Belarusian President Alexander Lukashenko threatened to use nuclear weapons, deployed to his country by Moscow, if “aggression is launched against us.” This comes as neighboring NATO states have deployed thousands of troops near the Belarusian border amid heightened tensions between Minsk and Warsaw.
During an interview with the state-run media outlet BelTA, Lukashenko appeared to admonish the Washington-led alliance of the massive risks escalation would entail. “If aggression against our country is launched from the side of Poland, Lithuania, Latvia, we will immediately respond with everything we have… And the strike will be unacceptable,” he warned.
“NATO stands behind Poland, Lithuania, Latvia. We certainly understand that the forces are incomparable. But we will deliver an unacceptable strike against them and they will receive unacceptable harm, damage. It is what our security concept is based on.”
Lukashenko continues, “We didn’t bring nuclear weapons here in order to scare someone,” he explained. “Yes, nuclear weapons represent a strong deterring factor. But these are tactical nuclear weapons, not strategic ones. This is why we will use them immediately once aggression is launched against us.”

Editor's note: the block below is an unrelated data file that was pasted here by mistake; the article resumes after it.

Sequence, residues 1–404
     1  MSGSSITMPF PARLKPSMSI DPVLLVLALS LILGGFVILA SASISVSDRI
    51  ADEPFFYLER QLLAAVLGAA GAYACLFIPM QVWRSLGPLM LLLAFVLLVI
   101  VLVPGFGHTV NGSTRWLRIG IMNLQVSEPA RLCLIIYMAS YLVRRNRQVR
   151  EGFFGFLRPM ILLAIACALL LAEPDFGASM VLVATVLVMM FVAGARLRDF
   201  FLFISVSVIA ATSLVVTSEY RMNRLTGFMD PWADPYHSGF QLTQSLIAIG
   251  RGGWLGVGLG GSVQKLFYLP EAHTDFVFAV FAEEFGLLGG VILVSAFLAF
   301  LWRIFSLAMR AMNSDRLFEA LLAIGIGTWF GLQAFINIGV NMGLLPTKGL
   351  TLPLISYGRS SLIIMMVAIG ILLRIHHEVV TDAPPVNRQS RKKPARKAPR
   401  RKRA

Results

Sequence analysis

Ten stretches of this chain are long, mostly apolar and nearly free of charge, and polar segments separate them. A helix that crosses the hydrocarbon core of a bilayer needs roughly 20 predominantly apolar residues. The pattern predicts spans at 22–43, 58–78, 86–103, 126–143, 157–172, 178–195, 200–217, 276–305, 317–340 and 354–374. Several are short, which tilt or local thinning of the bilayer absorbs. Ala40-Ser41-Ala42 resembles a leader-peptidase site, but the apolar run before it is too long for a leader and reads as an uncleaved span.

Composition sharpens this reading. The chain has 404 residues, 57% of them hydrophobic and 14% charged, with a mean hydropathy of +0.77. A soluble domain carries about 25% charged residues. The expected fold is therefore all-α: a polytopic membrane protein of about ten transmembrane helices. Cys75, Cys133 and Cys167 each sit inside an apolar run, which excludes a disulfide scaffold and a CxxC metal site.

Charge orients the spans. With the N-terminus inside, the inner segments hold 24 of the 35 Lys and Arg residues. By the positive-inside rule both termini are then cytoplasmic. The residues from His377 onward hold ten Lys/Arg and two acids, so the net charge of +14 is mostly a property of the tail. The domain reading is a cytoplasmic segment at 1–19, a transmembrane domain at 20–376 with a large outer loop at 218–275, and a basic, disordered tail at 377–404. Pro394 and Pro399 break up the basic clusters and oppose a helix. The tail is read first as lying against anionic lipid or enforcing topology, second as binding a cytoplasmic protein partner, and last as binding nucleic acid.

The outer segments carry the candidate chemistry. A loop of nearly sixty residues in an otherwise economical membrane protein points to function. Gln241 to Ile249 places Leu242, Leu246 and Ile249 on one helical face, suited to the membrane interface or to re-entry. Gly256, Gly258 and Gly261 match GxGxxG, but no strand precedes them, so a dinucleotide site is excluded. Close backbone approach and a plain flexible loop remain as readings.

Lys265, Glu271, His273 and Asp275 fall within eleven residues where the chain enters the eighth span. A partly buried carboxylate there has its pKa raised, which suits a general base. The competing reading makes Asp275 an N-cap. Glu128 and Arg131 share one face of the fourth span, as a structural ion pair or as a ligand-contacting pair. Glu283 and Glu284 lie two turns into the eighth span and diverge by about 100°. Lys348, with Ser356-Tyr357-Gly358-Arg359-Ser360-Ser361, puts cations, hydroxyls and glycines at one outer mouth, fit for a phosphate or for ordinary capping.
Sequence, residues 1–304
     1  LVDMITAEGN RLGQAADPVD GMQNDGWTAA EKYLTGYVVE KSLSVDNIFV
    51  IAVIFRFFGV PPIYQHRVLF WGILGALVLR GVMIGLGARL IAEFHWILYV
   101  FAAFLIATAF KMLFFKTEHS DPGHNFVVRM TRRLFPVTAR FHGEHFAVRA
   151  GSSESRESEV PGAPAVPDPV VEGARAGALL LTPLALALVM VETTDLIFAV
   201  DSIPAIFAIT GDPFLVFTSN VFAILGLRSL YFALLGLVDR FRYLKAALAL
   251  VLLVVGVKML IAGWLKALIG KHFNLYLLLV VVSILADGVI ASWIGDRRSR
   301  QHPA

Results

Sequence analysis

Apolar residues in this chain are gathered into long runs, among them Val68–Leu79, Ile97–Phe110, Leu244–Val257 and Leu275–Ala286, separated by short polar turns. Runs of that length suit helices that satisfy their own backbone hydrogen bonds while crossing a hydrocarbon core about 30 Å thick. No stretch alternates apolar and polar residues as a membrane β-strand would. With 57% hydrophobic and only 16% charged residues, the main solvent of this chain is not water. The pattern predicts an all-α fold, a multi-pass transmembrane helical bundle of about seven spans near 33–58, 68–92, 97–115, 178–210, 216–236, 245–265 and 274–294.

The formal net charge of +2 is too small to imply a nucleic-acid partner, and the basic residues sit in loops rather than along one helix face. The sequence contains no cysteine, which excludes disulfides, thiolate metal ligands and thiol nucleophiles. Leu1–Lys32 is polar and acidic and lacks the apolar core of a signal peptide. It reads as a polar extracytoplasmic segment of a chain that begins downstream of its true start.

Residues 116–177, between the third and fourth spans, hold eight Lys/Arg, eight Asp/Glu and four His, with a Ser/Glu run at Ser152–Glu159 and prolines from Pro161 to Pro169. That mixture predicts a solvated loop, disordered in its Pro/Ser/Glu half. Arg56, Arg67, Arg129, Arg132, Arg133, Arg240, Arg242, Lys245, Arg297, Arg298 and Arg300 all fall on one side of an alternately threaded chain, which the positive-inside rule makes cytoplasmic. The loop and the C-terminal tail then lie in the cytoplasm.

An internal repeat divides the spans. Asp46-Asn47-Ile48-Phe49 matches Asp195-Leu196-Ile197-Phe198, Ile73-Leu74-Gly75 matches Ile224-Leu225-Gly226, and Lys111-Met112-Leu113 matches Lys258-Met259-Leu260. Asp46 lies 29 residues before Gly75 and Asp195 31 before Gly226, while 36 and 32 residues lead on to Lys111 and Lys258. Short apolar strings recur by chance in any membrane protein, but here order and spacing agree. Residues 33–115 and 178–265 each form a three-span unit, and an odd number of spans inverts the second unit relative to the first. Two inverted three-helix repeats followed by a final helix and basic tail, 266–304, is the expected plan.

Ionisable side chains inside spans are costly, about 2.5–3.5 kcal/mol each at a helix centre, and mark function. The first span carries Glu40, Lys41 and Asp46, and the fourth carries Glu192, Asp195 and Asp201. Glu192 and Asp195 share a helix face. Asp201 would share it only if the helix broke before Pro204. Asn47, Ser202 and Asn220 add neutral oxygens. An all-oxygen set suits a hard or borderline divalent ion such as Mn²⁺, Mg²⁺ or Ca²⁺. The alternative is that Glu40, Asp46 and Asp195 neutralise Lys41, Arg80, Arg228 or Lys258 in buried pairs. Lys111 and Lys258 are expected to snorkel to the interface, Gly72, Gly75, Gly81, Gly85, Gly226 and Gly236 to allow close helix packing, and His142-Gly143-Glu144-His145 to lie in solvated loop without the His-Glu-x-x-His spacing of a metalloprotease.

Belarus is a small country, Lukashenko said, that can be “captured within a month.” That is why “[Minsk] will not tary, wait, and rest. We will use the entire arsenal of our weapons for deterrence.”
Russian President Vladimir Putin has made clear if Belarus is attacked it will be regarded – and responded to accordingly – as an aggression against the Russian Federation.
Earlier this year, Putin deployed tactical nuclear weapons to Belarus following London’s decision to provide Kiev with Challenger 2 tanks armed with depleted uranium munitions, which Russia views the same as a “dirty bomb.” Depleted uranium is radioactive and linked to cancer as well as birth defects.
Moscow has assisted Minsk in modernizing its aircraft to carry the weapons and has provided short-range Iskander missiles which can fit such warheads as well. In April, the Russian Defense Ministry announced the completion of a training course which has enabled the crews manning the Belarusian Air Force’s Su-25 ground attack jets to use tactical nuclear bombs.
Tensions have soared this month as the Belarusian military began carrying out drills near its border with Poland and Lithuania. An estimated 4,000 Wagner mercenary troops are now in Belarus, with some joining these exercises. These Wagner forces traveled to the country after Yevgeny Prigozhin, the group’s leader, carried out a short-lived mutiny in Russia against the defense establishment. Warsaw claims these mercenaries were sent “to NATO’s eastern flank to destabilize it.”
Russian forces launched attacks from positions in Belarus during the invasion of Ukraine last year. Last week, the US Treasury announced it was expanding sanctions on Belarus over Minsk’s “complicity” with Moscow’s war in Ukraine.
This article was originally featured at Antiwar.com and is republished with permission.